How To Avoid Wasting All That Gorgeous Summer Fruit

It's irresistible at the farmer's market. Here's what to do with it once you get it home.

Fruit is flooding into farmer's markets around the country. Walk down the aisles, and depending on your location, you'll see raspberries, blueberries, gooseberries, peaches, nectarines, and those very early apples. You might be tempted to sweep it all into your tote bags and take them home. But what will you do with it next? It helps to have a plan.

I spent a good part of a recent Saturday afternoon prepping the fruit I bought at the Ann Arbor Farmer's Market. I broke down a cantaloupe, pitted cherries, roasted apricots, and divided up everything else. When I was finished, I had stained, sticky fingers, but my fridge was fully stocked with delicious produce that I'll actually get to use to its fullest before it goes bad.

My fruit purchasing philosophy is a three-part process: eat, cook, freeze. Before I buy any fruit, I decide which category the tempting morsels will fall into. This strategy saves me from buying things that are appealing, but which I am unlikely to use up in time. For instance, the market had red and black currants last week, but I knew they would be too fiddly for me to work with. (Someone with more patience might make jam or shrub.)

Here are some examples of how I deploy some of the best summer fruits.

Eat them up right away

These are fruits that are so tender, fleeting, or tempting that I want to consume them ASAP. Michigan strawberries and our early raspberries fall under this heading. Sadly, the strawberry season is finished; it only lasted about three weeks this year. I ate strawberries every day when they were fresh, and the very last few tiny ones were the best, probably because they got full attention from the sun.

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Now, raspberry season is underway, with fruits that are so fragile they can disintegrate right in the paper carton. I ate a half pint in two sittings, topped with plain yogurt and later with a little Jeni's Texas Sheet Cake ice cream. (Chocolate and raspberry is an unbeatable combination.) There are ways to cook with these fruits, of course, but they're virtually unbeatable in their fresh-picked form.

Cook with them

These are fruits you'll do something with besides eating them out of hand or bowl. I have some early apples that will become sauce. I bought tart cherries for a crisp. Another quart of dark cherries is getting turned into a clafoutis. Blueberries have already gone into corn muffins. I spotted apricots at the market and knew it was time for roasted apricots (a super simple process that yields an almost custard-like result).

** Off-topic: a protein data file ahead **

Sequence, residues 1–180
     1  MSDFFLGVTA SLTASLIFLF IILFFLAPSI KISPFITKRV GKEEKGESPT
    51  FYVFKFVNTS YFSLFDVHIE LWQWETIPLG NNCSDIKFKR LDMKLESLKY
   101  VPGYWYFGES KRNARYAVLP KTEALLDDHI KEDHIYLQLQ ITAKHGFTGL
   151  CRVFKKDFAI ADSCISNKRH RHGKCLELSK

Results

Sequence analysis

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If you're going to make jam, be sure that you scout out a nearby resource for jars, or else order them in advance online. Once the jam process gets underway, you don't want to be scrambling for more materials. One alternative is freezer jam, which is my preferred way to cook preserves these days.

Freeze them

Here's a way to prolong the summer and fall fruit bounty long beyond peak season, one that works particularly well with blueberries. Farmers and stores in the Ann Arbor area sell 5-lb. boxes of blueberries, which can be a better value than pints and quarts. These big boxes are running around $30 right now, but I once had a Groupon for a farm offering 5 lbs. for $10. The line at the farm was like the cars in Iowa at the end of Field of Dreams: Everybody bought that Groupon.

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When I buy blueberries, I separate some out to eat fresh, and the rest to freeze for smoothies or future baking. To freeze, lay the blueberries on a small tray or baking sheet in a single layer and pop it in the freezer for a couple hours; this will keep them from sticking together. Once the berries are solid, transfer them to a zip-top bag or plastic storage container and freeze.

I use a similar method for pitted cherries and raspberries (since the fall berries come in much firmer). You can slice up peaches, pears, and apples and freeze those, too. Depending on how juicy your fruits are, you might want to pre-portion them in the amount you need for each smoothie or baking project, since storing them all together might fuse them into one mass that is hard to break apart into individual slices without making a mess.

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Lastly, if you haven't thought ahead and you're left with some overripe fruit, do not give up on it so easily. My mother used to whirl berries past their prime through the blender and use them for a simple sauce that she cooked down with a little sugar. I've squished up less-than-perfect berries and mixed them with a couple of tablespoons of vinegar to make a salad dressing. As long as the fruit isn't moldy or too sour, consider it an opportunity to experiment.

  

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